By Dr. Liz Herman | STC Associate Fellow
If you read the March/April 2020 issue of Intercom—more specifically, the article I wrote titled “Customer Experience and Content: The Field of Dreams”—you might have picked up on the movie theme that I used as an analogy. You won’t be surprised, then, to see another movie analogy appear in this article as well. I’m not sure if the current pandemic has television stations replaying a lot of older movies, if I’m just racking up more screen time while staying home, or if I’m attempting to use that extra screen time as a sensemaking mechanism for the chaos of the world around me, but the movie A River Runs Through It came to mind while I was participating in, and listening to, a government roundtable about leveraging digital (think: online) services to assist customers.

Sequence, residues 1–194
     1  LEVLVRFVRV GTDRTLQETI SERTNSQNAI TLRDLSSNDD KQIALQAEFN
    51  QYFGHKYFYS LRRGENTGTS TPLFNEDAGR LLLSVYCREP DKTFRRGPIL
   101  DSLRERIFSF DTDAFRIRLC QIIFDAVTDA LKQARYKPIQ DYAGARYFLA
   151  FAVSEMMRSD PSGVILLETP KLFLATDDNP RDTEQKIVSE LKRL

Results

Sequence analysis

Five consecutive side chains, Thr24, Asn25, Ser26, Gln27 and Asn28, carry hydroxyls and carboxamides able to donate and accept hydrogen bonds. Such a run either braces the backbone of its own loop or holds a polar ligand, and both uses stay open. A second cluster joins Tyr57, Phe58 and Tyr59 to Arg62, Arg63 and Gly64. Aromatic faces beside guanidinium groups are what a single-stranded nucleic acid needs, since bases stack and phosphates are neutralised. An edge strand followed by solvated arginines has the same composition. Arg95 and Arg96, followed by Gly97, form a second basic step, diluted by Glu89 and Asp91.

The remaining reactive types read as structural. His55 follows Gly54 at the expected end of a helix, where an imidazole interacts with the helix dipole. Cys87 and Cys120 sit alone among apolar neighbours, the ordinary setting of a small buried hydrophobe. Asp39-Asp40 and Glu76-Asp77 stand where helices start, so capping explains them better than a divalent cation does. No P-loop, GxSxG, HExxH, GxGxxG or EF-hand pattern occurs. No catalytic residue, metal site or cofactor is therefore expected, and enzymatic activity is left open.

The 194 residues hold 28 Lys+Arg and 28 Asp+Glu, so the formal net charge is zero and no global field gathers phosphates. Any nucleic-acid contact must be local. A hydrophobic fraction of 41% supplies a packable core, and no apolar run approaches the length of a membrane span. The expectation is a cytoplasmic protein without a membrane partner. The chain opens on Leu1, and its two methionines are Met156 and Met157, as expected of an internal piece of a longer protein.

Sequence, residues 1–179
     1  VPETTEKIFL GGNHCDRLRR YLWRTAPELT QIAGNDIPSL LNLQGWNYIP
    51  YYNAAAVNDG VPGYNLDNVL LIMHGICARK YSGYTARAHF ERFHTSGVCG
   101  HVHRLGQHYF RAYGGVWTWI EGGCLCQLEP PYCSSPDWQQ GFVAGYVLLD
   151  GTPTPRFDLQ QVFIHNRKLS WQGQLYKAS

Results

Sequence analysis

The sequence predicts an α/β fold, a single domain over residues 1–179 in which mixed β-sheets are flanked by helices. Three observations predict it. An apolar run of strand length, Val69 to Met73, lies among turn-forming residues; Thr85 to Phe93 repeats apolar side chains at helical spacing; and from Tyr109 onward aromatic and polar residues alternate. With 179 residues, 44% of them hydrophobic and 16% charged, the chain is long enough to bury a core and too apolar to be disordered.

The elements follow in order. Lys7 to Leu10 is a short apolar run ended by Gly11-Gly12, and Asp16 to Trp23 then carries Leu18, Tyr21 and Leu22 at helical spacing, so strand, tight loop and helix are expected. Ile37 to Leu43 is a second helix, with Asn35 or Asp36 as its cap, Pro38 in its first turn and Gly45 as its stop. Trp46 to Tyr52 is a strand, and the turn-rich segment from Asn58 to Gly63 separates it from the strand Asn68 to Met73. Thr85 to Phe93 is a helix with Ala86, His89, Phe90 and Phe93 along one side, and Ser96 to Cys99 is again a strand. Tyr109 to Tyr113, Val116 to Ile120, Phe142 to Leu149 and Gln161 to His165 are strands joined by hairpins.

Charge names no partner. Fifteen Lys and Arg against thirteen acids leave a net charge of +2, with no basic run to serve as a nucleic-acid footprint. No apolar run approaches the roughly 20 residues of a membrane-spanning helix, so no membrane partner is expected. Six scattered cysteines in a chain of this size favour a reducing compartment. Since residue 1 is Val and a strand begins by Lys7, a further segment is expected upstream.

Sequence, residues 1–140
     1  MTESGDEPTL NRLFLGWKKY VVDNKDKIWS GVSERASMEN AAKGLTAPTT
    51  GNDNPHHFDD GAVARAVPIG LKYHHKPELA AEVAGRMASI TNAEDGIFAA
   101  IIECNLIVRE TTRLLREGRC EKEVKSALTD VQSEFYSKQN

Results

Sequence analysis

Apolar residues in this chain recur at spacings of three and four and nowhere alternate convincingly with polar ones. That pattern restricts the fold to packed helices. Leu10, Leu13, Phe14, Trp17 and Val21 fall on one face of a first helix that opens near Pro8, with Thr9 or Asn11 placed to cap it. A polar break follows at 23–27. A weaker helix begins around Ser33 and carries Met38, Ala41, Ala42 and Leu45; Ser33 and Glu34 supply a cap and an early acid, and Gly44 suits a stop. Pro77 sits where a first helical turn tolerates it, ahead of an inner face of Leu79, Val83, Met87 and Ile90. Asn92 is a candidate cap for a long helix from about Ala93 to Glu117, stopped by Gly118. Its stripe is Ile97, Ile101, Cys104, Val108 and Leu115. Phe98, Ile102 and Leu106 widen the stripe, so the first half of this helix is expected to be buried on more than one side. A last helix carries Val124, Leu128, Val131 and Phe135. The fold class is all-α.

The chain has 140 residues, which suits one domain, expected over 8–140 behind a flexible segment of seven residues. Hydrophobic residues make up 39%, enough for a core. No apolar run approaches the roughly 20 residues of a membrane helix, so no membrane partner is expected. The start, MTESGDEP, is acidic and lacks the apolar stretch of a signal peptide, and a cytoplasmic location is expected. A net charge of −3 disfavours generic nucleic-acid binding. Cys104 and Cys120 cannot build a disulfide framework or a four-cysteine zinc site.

In late July, I was scheduled to provide some remarks about knowledge management (KM), which happened to come near the end of the virtual roundtable. As I listened to the speakers before me, I saw KM running through all of their comments. There was talk about the sense of urgency the pandemic created for federal agencies and how there was a need for accessible, understandable information for the public. There was conversation about internal customers (agency employees) who suddenly found themselves, like many of us, working from home, and how they had to find new and different ways to collaborate with each other. There was agreement that technology, metrics, and analytics can be useful to illuminate where information gaps exist. User experiences, journey mapping, and human-centered design were mentioned. KM is the river that runs through all of this. KM is the unifying piece of the puzzle when it comes to a digital service strategy. I’ll elaborate, but first let me talk about the movie, which was recently on television.